Inverse problems have only been known in spatial audio for a very short time; their only solution, called "inverse coding" in literature, is essentially based on time-level modeling. Inverse problems, however, unlike parametric coding, require only an initial transmission of spatial side information, and thus can achieve much lower bitrates than could be achieved with parametric coding. For instance, inversely coded NHK 22.2 multichannel signals in combination with USAC may be delivered at bitrates as low as 48kb/s and optimum performance can be achieved in combination with commercially available HE-AAC v2 at 256kb/s - without any scaling of output channel order, and with moderate complexity in the decoder. A new way to perceptually eliminate redundant information makes use of invariant theory inside the encoder. Invariants with Gaussian processes were unknown until 2010 and have represented one major problem in non-applied mathematics for more than a century: David Hilbert’s proof that these coefficient functions form a field then insinuated that their existence in random processes was very likely. As will be shown, when applied to spatial audio coding, invariants represent a numerically efficient and perceptually powerful algebraic tool. We likewise present a 3D audio codec design for signals up to NHK 22.2 with two profiles: one profile, based on co-incidence, is able to code and synthesize a full Higher Order Ambisonics soundfield, up to order 6, at 48kb/s, 64kb/s, 96kb/s, 128kb/s, and above. The second profile, which optimizes de-correlation for phantom source imaging, codes channel-based or object-based signals at the same bitrates. The technology has been specified as the world’s first international 3D audio standard ECMA-407 and may be further extended with static models in frequency domain. A preliminary version of this technology, based on a downmix in frequency domain, was submitted to MPEG’s „Phase 2“ selection of low-bitrate 3D coding technologies and made use of an USAC binary, which unfortunately offered no tuning options.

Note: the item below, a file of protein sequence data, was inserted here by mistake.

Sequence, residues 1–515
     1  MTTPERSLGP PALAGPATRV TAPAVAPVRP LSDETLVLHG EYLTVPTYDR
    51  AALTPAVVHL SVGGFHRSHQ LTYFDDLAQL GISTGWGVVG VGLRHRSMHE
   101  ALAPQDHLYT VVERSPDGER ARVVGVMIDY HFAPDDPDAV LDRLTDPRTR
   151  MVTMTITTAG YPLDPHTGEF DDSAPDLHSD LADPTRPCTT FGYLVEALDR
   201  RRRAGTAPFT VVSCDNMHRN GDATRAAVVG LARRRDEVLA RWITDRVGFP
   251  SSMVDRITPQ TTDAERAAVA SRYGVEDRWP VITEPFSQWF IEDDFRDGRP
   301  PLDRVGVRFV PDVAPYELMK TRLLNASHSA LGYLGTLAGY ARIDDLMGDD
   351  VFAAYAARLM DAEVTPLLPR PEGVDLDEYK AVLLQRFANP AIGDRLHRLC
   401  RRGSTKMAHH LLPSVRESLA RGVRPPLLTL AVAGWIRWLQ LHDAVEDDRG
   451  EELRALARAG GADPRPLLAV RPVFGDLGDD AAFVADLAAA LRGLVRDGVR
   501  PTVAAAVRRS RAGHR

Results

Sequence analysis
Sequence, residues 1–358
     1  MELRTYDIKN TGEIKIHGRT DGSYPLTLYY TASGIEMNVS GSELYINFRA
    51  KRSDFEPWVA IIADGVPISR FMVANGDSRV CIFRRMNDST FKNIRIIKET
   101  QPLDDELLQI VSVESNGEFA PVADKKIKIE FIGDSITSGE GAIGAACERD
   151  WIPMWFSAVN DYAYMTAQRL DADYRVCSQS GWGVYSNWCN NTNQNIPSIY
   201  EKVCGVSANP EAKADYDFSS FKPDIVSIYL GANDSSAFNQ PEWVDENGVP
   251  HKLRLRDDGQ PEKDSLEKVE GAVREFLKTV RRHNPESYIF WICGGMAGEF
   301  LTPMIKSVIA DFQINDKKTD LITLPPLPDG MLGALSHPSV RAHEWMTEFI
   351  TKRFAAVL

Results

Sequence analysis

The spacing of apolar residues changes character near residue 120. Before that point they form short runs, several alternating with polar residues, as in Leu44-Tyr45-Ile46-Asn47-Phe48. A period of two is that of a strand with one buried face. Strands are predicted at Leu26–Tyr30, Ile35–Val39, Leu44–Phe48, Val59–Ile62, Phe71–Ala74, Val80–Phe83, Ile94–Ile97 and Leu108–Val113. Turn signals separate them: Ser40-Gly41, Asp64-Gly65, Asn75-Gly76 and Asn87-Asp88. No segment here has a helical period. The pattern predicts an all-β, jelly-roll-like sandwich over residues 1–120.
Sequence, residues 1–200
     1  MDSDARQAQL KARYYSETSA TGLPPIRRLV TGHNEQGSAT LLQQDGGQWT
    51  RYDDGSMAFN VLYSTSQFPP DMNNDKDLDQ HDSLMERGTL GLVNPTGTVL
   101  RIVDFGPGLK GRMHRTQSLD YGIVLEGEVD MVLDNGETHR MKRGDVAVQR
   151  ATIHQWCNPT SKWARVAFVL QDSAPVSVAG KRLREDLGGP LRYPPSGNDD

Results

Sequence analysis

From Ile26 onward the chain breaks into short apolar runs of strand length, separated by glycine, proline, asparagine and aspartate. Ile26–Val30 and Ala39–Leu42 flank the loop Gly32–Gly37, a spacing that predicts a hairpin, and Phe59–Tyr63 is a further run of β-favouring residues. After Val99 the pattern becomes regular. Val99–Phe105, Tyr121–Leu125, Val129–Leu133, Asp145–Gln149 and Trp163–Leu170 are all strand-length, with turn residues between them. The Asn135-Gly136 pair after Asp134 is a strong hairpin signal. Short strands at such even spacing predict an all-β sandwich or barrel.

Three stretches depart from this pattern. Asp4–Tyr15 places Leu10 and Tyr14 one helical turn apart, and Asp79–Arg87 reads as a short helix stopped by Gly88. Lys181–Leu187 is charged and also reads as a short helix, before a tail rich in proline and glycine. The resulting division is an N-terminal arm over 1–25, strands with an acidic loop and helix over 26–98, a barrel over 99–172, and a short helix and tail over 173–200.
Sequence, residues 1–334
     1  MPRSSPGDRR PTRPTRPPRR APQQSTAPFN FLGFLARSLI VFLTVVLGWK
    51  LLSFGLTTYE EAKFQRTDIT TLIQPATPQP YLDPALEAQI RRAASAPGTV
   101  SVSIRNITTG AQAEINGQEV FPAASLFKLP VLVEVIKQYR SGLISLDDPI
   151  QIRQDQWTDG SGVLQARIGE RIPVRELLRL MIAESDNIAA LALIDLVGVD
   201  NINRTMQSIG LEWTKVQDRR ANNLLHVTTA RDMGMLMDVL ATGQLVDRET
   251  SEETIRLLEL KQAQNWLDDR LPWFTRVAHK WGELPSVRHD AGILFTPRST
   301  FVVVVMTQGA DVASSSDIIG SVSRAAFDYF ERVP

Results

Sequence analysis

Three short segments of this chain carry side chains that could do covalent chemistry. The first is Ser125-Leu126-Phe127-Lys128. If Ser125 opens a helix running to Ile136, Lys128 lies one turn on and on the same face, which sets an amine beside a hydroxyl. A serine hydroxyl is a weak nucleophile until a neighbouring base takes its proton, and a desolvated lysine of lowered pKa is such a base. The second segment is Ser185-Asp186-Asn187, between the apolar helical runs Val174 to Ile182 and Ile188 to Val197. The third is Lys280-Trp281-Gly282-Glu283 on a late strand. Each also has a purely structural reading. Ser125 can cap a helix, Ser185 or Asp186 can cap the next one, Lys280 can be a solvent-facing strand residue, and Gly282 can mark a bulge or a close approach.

Ahmad, Junaid Jameel; Alberti, Claudio; Hong, Jung Wook (Jonathan); Leonard, Brett; Mattavelli, Marco; Par, Clemens; Quackenbush, Schuyler; Woszczyk, Wieslaw
Affiliations: Swiss Federal Institute of Technology (EPFL), Lausanne, Switzerland; McGill University, Montreal, QC, Canada; GKL Audio Inc., Montreal, QC, Canada; University of Nebraska at Omaha, Omaha, NE; McGill University, Montreal, Quebec, Canada; Swiss Audec, Morges, Switzerland; Audio Research Labs, Scotch Plains, USA(See document for exact affiliation information.)
AES Convention: 137 (October 2014) Paper Number: 9218
Publication Date: October 8, 2014
Subject: Spatial Audio
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